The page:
THOUSANDS of people are gathering across the country to sing terribly together in a new phenomenon — Tuneless Choirs.
Founders say the franchise is ‘spreading like a rash’ with 29 choirs nationwide and more set to open — filled with people who proudly sing badly.
Seven are due to launch in the next couple of months, all looking for members who ‘can’t carry a tune in a bucket’.
Founder Nadine Cooper describes herself as ‘the woman who put tuneless in Tuneless Choir’.
She started the first group in Nottingham in 2016 with choir master Bernie Bracha (West Bridgford pictured) after being told as a child by a music teacher that she should stop singing.
She said: ‘I stopped taking part in any musical activity after a teacher patted me on the back and told me I shouldn’t sing as I was ruining it for anyone else.
‘I didn’t even sing at weddings or funerals because I didn’t want to be disrespectful with my bad singing.
‘Years later I was speaking to Bernie Bracha who runs ‘proper’ choirs who told me I should join anyway.
‘I told her I really couldn’t, but that there should be choirs for awful singers like me. That’s when we held the first meeting for tuneless singers in a local church. We advertised in the local paper and 60 people turned up on the night.”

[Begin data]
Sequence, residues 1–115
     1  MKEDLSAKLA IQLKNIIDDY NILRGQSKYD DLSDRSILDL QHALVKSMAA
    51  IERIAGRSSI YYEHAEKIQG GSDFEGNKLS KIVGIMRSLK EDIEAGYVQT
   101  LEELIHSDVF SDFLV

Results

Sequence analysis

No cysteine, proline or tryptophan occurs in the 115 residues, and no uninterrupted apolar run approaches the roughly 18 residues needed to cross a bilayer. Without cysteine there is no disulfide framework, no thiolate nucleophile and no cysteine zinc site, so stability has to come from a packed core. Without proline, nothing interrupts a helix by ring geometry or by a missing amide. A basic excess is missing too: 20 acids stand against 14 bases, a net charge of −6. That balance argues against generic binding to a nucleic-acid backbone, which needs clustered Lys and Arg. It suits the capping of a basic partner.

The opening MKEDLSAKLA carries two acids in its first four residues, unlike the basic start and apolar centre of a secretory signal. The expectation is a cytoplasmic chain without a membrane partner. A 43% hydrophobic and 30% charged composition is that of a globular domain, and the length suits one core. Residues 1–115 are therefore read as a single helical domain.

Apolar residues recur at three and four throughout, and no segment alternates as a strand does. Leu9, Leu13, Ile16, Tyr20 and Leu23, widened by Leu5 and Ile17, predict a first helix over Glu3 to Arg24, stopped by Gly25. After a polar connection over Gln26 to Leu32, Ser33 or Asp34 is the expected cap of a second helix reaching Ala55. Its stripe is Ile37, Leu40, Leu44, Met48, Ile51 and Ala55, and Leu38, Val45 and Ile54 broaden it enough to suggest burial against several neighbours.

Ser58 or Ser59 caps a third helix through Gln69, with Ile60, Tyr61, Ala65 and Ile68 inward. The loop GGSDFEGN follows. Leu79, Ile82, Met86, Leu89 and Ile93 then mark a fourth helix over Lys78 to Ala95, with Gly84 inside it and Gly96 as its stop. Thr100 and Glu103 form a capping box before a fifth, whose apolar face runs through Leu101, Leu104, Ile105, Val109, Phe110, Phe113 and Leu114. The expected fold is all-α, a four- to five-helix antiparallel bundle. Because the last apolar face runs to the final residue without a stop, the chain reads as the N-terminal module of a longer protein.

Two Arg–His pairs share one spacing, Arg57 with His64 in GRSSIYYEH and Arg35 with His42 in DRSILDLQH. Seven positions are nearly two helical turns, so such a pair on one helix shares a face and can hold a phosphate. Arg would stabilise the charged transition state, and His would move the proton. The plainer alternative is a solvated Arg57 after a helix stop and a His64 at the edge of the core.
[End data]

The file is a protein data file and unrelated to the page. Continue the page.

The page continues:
‘We call it tuneless rather than tone-deaf as that is specific to hearing and we welcome anyone that can’t sing in tune for any reason.’
The group says they do not expect anyone to pay to listen to their singing at concerts but they do raise money for charity when performing.
Nadine said: ‘Last year we raised £7,000 for the Mind charity. Over the last ten years it’s been reported more, with people like Gareth Malone, that singing makes you happy.
‘Our tag line is “sing like no one’s listening”.’
Choir members are aged from 15 to 92 and Nadine believes the appeal is the community and fun offered.
She said: ‘It’s completely about friendship, I didn’t foresee how much community would be around it.
‘We have thousands of people attending, with one group getting up to 150 people a session.
‘We don’t learn songs like a normal choir would — in a session we get through about 12-14 songs, singing along with backing tracks like mass karaoke.’
Nadine, who previously worked as a Boots manager, took on the choirs as a full-time job a few weeks after starting it and said she feels it is her ‘life’s purpose’.
‘Soon after I started the first one there was obvious demand with people asking if they could start their own one so I did predict that it would get more popular.
‘We now have interest internationally from America and we have a convention with all the choirs in February which will be held in Nottingham.’
Newcomers are not required to audition and pay £10 for their first session. The regular ‘pay as you go’ price is £7 or £5 if commiting for a term.
Nadine insisted: ‘We’ve never had anyone who was too bad at singing for our choirs.’